While I'm a long time proponent of people paying some attention to the actual meanings
of the top level domains instead of just registering everything under the sun for
shallow purposes, I can't support the proposal to limit .org as stated here.
First of all, .org has always been a catch-all domain for miscellaneous noncommercial
uses, and its spirit, even back in the days when the distinctions between the top
level domains weren't as badly ignored, has never been one of being limited only
to government-recognized nonprofits. There are many other sorts of noncommercial
activity on the Internet (and off it), including both nonprofit and not-for-profit
entities (a significant IRS distinction), as well as the noncommercial activities
of individuals. I've long advocated the use of .org for individual-run fan
sites (e.g., about a particular celebrity or a specialized hobby or interest) in
contrast to .com, in order to distinguish such sites from official sites and marketing-oriented
ones of a commercial nature. I've regarded the widespread use of .com for noncommercial
sites as a sign of the dumbing-down of the Internet. While I did end up using
a .com for my personal site (as a lesser-of-three-evils given that I might use it
for any sort of activity connected with myself as a person, both commercial and noncommercial,
so it seemed to fit closer into .com than .org, and since it wasn't an infrastructure
network provider, .net didn't fit), I've used .org for some personally maintained
fan sites about celebrities, as well as for a SIG of American Mensa which I run (not
formally incorporated but noncommercial in nature; required by Mensa rules to be
considered a separate organization not formally part of Mensa, hence unable to make
use of Mensa's status in qualifying for a .org domain if qualifications are required).
Making me change those addresses wouldn't be fair, nor would I consider the .com
equivalents (even if available) to be reasonable addresses for these noncommercial
activities. If there were additional TLDs for such things as fan sites and
SIGs, I might consider moving the sites to those.|
Anyway, if they're going to begin
attempting to enforce limitations on the use of the TLDs (which would have been better
to maintain from the start, instead of trying to shut the barn door later), they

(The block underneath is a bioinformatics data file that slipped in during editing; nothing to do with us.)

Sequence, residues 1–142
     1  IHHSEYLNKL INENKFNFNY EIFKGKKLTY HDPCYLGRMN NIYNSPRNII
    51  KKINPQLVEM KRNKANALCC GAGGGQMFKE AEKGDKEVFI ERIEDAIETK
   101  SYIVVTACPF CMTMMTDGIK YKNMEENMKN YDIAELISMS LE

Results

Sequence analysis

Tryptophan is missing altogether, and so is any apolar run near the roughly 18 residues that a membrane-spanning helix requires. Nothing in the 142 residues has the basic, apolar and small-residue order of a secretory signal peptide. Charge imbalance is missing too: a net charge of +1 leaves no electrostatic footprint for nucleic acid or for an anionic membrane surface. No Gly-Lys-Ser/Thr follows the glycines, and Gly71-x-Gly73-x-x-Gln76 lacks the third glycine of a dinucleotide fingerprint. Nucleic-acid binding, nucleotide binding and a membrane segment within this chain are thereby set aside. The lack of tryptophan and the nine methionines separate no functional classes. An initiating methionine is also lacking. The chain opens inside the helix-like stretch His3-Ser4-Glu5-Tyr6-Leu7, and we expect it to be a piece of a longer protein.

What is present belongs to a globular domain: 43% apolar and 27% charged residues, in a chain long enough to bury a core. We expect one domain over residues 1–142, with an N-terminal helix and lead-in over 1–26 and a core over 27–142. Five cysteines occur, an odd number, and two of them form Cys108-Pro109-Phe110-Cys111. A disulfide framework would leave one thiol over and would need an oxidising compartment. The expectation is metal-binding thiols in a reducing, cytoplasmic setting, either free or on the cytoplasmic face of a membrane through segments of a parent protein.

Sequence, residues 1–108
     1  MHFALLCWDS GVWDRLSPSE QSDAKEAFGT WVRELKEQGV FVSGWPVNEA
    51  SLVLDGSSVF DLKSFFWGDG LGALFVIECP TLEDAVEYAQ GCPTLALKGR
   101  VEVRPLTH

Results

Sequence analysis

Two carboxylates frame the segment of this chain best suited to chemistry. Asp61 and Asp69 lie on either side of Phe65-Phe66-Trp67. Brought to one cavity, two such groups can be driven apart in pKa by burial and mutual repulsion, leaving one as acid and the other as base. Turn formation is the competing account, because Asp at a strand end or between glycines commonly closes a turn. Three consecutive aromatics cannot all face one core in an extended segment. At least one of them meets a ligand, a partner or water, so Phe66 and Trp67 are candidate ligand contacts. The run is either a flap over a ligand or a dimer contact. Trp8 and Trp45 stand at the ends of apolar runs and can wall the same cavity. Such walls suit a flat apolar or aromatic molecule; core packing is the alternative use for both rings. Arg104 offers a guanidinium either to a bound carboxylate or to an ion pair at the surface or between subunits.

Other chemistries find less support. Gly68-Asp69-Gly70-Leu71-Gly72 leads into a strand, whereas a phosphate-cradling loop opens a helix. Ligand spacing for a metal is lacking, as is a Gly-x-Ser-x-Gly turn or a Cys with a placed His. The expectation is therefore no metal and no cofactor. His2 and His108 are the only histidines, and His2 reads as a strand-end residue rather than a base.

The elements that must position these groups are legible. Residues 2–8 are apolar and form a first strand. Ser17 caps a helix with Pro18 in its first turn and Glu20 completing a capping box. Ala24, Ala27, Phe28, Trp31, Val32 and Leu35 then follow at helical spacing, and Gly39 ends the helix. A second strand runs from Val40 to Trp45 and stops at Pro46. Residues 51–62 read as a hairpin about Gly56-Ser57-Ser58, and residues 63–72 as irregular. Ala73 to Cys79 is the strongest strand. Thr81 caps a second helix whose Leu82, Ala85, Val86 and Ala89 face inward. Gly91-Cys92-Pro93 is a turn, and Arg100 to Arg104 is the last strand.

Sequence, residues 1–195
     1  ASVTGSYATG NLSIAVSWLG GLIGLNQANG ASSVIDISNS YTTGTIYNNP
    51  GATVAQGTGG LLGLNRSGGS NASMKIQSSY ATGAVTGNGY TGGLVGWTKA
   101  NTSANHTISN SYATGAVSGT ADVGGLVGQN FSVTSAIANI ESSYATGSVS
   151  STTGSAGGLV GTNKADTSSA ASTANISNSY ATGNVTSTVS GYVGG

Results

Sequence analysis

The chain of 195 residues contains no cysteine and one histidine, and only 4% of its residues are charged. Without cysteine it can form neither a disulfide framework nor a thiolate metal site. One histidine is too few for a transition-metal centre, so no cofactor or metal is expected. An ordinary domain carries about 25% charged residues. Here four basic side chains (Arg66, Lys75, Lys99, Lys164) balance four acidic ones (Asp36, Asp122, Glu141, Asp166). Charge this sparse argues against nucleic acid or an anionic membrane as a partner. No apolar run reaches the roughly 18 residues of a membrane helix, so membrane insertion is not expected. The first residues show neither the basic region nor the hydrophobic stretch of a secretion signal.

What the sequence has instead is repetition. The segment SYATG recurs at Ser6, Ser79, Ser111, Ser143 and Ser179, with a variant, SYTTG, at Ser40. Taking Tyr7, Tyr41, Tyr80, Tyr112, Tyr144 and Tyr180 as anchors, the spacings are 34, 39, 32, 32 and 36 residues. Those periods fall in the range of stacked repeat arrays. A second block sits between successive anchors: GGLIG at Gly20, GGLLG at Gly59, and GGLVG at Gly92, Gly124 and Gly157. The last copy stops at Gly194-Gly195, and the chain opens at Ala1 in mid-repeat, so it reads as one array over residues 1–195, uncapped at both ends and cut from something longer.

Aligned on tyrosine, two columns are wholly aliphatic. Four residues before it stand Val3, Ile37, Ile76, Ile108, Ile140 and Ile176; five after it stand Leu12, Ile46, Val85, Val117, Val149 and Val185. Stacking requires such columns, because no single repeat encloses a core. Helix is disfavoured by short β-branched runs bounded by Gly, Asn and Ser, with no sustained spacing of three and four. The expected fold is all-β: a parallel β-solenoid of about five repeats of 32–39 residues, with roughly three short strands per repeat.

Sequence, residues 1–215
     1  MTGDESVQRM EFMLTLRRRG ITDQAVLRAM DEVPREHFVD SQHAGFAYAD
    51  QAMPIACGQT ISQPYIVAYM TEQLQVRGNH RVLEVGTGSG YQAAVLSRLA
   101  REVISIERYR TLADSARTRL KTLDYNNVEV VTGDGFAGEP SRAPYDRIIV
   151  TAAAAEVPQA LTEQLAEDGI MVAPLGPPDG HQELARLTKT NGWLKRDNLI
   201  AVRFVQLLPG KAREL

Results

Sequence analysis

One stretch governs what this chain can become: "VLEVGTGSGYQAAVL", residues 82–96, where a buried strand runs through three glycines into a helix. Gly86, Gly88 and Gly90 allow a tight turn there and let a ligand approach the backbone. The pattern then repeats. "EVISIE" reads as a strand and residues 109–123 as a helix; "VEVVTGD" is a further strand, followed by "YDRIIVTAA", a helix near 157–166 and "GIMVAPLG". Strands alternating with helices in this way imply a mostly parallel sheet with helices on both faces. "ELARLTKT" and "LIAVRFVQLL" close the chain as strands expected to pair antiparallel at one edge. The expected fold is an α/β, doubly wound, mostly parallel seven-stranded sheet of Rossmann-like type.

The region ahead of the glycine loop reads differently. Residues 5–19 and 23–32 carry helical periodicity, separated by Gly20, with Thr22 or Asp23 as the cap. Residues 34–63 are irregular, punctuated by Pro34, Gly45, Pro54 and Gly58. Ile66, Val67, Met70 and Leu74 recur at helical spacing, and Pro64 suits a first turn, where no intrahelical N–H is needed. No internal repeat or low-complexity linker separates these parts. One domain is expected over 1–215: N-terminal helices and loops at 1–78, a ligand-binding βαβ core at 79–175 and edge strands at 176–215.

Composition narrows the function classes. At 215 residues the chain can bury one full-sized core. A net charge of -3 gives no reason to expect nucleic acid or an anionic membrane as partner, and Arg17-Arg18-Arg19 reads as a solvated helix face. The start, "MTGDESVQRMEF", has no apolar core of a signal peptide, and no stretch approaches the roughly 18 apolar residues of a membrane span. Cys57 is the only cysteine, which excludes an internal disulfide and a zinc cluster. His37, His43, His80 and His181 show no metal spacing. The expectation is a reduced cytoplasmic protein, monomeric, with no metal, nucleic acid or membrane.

ought to start first with .com, which has been more heavily abused than any other
TLD. They should first kick out all the noncommercial sites that have ridiculously
registered as .com, and maybe also the branches, departments, sub-websites and even
e-mail servers that have unnecessarily registered separate .com addresses where subdomains
would have done more logically, like the rash of "my-blahblahblah.com", "blahblahblah-inc.com",
etc., from entities that already have "blahblahblah.com". And the same for
.orgs, where there are groups that register "blahblahblah-miami.org" and "blahblahblah-newyork.org"
for their chapters instead of using subdomains like "miami.blahblahblah.org".
stuff ought to be cleaned up before they go after some individual with a fansite
about their favorite singer in a ".org" domain.
If they do want to impose limitations
on what sorts of entities can get domains in the different TLDs, they should be kept
purposely broad and vague so as not to unnecessarily limit people. I suggest
requiring .com domains to be for entities or sites that are predominantly commercial
in nature, .org for entities or sites that are predominantly noncommercial, and I
don't know what to do with .net, since that's pretty much lost any coherent meaning.
Sites that have large degrees of both commercial and noncommercial aspects should
be allowed in .com or .org at the site owner's choice. Taking away any domain
already in use should require a showing of blatant violation of the category restrictions,
not just a subjectively questionable appearance of possible inappropriateness.
Standards might be enforced more strictly on new registrants.